The developed protocol takes only seven to nine weeks. Four to five independent mutants were produced from 100 immature wheat embryos. Further analysis revealed much lower chance of off-target mutations in RNP-mediated genome editing than with CRISPR/Cas9 DNA. Furthermore, no off-target mutations were detected in the mutant plants. Since no foreign DNA is used in CRISPR/Cas9 RNP-mediated genome editing, the mutants obtained were completely transgene-free. This method could be widely applicable for producing genome-edited crops.

For more information, read the article in Nature Communications.
Biotech Update. 25 January 2017

NEW TEST SPOTS HUMAN FORM OF MAD COW DISEASE WITH 100 PERCENT ACCURACY

Misfolded proteins called prions cause both mad cow and variant creutzfeldt-jakob disease. Once they invade the brain, they begin recruiting normal proteins and forcing them to adopt the same abnormal shape. The prions and the blighted proteins clump together forming increasingly large aggregate deposits that wreak havoc on the brain and invariably lead to death. The disease, however, has a long incubation period. "in the case of humans, the estimation goes from several years to a few decades," says Claudio Soto, a neurologist at McGovern medical school at uthealth in Houston. "so it could be that you're exposed one day and then, 40 years after, you develop the disease."

Eating beef from an animal infected with mad cow disease can lead to an untreatable condition that attacks the brain and is universally fatal, but symptoms can take decades to emerge. Thankfully, a new blood-screening technology can spot the condition, known as variant creutzfeldt-jakob disease, with 100 percent accuracy, perhaps years before it attacks.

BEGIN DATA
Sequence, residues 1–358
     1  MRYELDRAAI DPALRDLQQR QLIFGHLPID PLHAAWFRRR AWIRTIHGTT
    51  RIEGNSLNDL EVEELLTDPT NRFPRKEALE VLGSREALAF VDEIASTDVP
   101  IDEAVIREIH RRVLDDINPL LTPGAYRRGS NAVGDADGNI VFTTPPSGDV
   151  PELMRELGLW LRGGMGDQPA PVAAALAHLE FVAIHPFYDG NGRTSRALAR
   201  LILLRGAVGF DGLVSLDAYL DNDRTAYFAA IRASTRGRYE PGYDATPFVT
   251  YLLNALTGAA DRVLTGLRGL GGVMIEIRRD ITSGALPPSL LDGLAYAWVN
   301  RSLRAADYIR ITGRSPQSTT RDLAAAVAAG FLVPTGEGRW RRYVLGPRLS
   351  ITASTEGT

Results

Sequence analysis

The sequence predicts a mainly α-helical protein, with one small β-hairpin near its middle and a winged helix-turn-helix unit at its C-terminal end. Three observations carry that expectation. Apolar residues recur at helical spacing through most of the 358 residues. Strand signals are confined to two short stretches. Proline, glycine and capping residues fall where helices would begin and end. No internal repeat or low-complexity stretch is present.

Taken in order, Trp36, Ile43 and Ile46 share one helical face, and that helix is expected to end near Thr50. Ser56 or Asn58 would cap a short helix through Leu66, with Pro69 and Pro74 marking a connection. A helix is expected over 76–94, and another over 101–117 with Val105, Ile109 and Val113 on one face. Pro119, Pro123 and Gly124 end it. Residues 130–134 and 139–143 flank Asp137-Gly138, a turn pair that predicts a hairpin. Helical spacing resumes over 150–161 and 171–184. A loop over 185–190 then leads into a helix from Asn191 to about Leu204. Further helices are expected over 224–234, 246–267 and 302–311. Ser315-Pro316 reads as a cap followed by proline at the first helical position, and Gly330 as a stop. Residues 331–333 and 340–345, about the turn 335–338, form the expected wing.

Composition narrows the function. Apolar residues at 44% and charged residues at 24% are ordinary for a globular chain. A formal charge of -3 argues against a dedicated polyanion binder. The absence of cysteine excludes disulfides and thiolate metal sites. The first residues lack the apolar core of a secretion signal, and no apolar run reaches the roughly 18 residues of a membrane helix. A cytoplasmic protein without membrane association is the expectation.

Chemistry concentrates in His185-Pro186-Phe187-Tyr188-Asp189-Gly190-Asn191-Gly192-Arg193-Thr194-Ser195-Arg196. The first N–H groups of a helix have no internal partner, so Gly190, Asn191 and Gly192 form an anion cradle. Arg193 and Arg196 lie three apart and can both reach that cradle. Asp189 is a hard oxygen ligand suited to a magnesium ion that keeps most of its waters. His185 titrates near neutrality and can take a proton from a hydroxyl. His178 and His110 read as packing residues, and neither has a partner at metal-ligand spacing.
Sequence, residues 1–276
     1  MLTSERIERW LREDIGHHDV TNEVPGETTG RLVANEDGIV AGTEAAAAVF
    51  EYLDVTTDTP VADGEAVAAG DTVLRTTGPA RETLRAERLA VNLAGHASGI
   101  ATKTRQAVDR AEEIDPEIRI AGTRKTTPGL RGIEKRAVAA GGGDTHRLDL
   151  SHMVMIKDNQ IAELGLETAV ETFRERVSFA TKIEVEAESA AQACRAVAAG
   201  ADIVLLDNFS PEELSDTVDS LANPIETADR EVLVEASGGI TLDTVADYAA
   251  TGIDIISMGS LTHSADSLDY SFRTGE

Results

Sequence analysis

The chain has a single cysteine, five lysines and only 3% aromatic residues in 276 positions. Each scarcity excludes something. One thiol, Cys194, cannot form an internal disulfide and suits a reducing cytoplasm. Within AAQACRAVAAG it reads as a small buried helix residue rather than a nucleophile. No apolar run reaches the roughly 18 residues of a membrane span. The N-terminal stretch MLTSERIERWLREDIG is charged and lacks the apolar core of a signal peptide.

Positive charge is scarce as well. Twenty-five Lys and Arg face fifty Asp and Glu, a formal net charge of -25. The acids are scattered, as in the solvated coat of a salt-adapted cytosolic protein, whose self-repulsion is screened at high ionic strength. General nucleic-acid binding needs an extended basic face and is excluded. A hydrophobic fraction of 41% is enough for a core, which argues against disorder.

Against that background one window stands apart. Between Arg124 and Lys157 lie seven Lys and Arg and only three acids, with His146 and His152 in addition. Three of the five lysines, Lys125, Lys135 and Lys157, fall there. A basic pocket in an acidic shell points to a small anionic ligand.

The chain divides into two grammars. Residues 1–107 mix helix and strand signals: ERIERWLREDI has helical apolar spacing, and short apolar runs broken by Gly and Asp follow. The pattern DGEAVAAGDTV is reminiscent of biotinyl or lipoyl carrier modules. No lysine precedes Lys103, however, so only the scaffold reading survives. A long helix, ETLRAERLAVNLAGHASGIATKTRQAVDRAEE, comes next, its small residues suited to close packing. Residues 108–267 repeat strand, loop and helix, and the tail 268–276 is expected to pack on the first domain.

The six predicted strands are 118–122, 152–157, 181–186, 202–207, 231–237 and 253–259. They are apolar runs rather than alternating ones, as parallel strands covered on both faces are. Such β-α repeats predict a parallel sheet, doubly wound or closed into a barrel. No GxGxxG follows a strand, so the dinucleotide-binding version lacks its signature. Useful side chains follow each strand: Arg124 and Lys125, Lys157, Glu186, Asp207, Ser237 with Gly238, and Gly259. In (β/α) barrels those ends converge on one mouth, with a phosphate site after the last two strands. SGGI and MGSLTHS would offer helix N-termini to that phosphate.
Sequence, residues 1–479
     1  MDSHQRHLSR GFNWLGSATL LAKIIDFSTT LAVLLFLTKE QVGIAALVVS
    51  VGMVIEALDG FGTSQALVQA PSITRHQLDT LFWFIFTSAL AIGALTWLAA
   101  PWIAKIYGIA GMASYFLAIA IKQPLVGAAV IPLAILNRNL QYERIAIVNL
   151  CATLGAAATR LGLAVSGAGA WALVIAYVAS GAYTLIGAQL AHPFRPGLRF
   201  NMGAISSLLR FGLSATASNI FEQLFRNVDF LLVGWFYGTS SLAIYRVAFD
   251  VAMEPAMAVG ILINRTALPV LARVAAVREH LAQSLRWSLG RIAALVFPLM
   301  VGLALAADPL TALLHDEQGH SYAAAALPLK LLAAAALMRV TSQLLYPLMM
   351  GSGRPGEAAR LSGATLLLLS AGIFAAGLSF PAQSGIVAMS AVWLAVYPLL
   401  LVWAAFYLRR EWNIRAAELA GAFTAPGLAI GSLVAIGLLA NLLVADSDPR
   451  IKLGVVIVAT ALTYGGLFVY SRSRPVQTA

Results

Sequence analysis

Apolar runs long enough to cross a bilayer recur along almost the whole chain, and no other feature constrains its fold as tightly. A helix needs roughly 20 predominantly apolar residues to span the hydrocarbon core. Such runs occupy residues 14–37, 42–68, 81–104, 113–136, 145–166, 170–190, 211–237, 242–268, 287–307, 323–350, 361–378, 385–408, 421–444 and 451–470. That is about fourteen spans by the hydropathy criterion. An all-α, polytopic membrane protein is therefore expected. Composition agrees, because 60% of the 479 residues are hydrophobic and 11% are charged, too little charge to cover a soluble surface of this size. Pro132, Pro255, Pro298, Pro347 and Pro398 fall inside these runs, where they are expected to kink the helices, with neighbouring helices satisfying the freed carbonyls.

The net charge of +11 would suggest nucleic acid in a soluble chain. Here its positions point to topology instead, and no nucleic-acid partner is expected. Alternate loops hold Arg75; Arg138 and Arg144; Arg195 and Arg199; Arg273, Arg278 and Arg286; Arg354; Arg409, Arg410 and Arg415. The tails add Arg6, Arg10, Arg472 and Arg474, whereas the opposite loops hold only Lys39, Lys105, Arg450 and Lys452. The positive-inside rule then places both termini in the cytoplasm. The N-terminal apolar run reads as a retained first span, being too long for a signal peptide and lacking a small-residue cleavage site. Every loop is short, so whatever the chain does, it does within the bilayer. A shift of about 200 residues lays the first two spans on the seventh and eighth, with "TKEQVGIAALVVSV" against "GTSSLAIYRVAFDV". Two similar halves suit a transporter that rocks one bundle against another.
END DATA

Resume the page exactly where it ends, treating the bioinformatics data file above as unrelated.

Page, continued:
American Health And Biology Dec 2016
https://www.scientificamerican.com/article/new-test-spots-human-form-of-mad-cow-disease-with-100-percent-accuracy/?wt.mc_id=sa_hlth_20161227

Australian Researchers Find Common Grass Could Boost Food Security

Australian researchers discovered that common Panic grasses could help improve the yields of staple food crops and help feed the world with increasing temperature, and a population of nearly 10 billion people by 2050. The researchers aim to enhance the growth and yield of crops such as wheat and rice by transplanting an enzyme from Panic grasses into them.

The researchers focused on the Rubisco enzyme from Panic grasses, and identified enzymes that are best suited to crops in hotter and cooler temperatures. "We are aiming to enhance the growth and yield of crops such as wheat and rice by transplanting this more efficient enzyme into them," said lead researcher Dr. Robert Sharwood from The Australian National University.

For more details, read the news release at the Western Sydney University website. December 7, 2016 Issue of Crop Biotech Update

Snippets - contributions are welcome. Edited and produced by Dr. B Cole. - drcole@cybersmart.co.za / Fax 011 660 6444 with the help of the Northern Branch Committee.